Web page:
In the movie, the Parks are perfectly happy with their successful capitalist lifestyle. They are insulated from life’s hardships. But the Kims are the opposite. They are unhappy with their situation and wish to become the Parks. The Parks’ home is the focal point of this desire, and the Kims seek to possess it through illicit means, which in a way they briefly do, but at great cost. This narrative fits squarely within the context of Rene Girard’s mimetic theory of desire.
Girard was a historian and literary critic who developed a novel theory of desire, influential in left-leaning academic circles, that is based on characters in literary fiction. Girard saw desire for an object as stemming not from the intrinsic properties of that object, but from its relationship to other people. The desire for external objects is a misplaced desire “to be” the other people who desire those same objects. So in the movie Parasite, the entrepreneurial Kims desire to be the Parks (who represent society’s ideal of success), and that desire is manifested in their struggle to possess the Parks’ home. As a viewer, I also felt caught up in this mimetic flow of desire. The movie seemed to be asking me a question: What can a person do to achieve the Parks’ success and happiness?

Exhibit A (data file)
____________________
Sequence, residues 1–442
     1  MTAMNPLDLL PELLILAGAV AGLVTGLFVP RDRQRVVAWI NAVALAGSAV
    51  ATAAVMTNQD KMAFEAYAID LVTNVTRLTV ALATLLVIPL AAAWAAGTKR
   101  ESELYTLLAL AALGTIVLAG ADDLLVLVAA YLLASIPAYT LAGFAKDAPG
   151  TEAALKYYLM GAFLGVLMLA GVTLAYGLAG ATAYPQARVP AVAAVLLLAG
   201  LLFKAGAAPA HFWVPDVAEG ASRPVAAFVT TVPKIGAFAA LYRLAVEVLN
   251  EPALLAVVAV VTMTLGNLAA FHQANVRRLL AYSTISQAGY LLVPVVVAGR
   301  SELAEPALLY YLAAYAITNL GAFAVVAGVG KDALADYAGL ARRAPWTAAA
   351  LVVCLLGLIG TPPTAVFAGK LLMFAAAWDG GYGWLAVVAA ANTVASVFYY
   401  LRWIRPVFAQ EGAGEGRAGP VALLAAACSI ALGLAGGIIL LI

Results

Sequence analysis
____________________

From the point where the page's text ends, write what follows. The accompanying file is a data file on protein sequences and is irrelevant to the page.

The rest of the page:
At the end of the film, Kevin, the college-aged son in the Kim family, explicitly answers this question. In a voice-over monologue, he determines that the only way out of the Kim family’s predicament is for him to make a lot of money and purchase the home his father is trapped in. Making money in the capitalist system is the only real way to achieve success.